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Harmful algal blooms and public health

Grattan, Lynn M., Holobaugh, Sailor, Morris, J. Glenn
Harmful algae 2016 v.57 pp. 2-8
algae, algal blooms, amnesic shellfish poisoning, antidotes, ciguatera, diarrhetic shellfish poisoning, distress, fish consumption, humans, issues and policy, neurotoxic shellfish poisoning, outreach, paralytic shellfish poisoning, poisoning, public health, risk, shellfish, tourism, toxins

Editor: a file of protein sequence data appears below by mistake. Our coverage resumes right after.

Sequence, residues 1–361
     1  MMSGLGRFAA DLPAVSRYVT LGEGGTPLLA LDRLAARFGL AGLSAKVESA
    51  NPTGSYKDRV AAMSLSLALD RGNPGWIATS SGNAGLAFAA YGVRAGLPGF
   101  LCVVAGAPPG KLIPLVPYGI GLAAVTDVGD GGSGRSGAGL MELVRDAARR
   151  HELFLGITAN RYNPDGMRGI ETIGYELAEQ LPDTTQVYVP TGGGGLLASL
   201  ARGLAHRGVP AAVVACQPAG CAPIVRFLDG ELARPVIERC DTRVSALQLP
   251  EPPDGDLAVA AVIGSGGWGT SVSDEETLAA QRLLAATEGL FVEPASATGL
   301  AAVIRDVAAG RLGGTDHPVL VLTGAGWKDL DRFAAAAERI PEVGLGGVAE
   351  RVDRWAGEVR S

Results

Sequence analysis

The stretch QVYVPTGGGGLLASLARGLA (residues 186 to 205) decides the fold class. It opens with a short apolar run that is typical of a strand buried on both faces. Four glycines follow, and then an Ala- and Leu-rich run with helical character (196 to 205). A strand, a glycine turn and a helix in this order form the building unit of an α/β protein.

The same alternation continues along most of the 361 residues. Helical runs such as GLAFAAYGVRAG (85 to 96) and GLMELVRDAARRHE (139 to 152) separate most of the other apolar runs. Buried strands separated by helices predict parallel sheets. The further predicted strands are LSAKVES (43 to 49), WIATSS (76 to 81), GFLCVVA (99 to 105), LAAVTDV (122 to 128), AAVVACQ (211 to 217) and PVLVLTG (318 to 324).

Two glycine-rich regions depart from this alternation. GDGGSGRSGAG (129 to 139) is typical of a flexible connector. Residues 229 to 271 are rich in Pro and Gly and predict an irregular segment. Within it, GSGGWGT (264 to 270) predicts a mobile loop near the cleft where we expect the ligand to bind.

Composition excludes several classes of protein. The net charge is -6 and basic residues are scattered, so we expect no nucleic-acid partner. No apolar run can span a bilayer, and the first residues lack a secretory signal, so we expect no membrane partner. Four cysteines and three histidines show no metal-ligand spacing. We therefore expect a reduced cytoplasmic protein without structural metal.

The five most commonly recognized Harmful Algal Bloom-related illnesses are ciguatera poisoning, paralytic shellfish poisoning, neurotoxic shellfish poisoning (NSP), amnesic shellfish poisoning, and diarrhetic shellfish poisoning. Although these exposures result from exposure to different toxins or toxin congeners, these clinical syndromes have much in common. Exposure occurs through the consumption of fish, shellfish, or through exposure to aerosolized NSP toxins. Routine clinical tests are not available for the diagnosis of harmful algal bloom related illnesses, there is no known antidote for exposure, and the risk of these illnesses can negatively impact local fishing and tourism industries. The absence of exposure risk or diagnostic certainty can also precipitate a chain of events that results in considerable psychological distress for coastal populations. Thus, illness prevention is of paramount importance to minimize human and public health risks. To accomplish this, further transdisciplinary research, close communication and collaboration are needed among HAB scientists, public health researchers, and local, state and tribal health departments at academic, community outreach, and policy levels.